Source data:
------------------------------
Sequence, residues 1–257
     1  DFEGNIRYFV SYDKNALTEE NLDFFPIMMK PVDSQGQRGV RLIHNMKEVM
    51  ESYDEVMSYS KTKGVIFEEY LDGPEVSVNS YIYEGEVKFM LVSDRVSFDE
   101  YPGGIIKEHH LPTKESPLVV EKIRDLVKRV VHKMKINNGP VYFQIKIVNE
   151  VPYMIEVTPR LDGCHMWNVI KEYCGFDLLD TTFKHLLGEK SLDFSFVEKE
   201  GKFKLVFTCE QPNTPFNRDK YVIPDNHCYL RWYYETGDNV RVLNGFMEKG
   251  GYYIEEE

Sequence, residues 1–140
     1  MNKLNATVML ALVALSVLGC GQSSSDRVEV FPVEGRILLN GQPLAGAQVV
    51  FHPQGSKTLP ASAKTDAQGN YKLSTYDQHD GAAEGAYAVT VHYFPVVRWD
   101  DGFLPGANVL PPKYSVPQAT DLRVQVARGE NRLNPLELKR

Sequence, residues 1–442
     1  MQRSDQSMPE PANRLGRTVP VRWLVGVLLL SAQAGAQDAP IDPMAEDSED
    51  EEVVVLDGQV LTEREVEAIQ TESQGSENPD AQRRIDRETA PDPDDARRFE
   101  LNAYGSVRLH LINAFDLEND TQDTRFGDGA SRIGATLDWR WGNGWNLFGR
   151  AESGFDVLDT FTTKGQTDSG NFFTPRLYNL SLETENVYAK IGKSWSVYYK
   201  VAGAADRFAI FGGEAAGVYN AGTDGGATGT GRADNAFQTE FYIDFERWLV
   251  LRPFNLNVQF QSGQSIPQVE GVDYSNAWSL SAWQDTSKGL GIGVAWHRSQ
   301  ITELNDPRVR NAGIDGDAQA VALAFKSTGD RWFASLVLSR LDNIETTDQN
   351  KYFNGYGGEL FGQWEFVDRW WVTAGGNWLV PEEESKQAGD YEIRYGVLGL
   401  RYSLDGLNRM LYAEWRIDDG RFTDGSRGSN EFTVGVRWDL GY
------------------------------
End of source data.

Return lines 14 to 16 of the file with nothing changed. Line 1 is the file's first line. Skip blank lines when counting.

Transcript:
    51  EEVVVLDGQV LTEREVEAIQ TESQGSENPD AQRRIDRETA PDPDDARRFE
   101  LNAYGSVRLH LINAFDLEND TQDTRFGDGA SRIGATLDWR WGNGWNLFGR
   151  AESGFDVLDT FTTKGQTDSG NFFTPRLYNL SLETENVYAK IGKSWSVYYK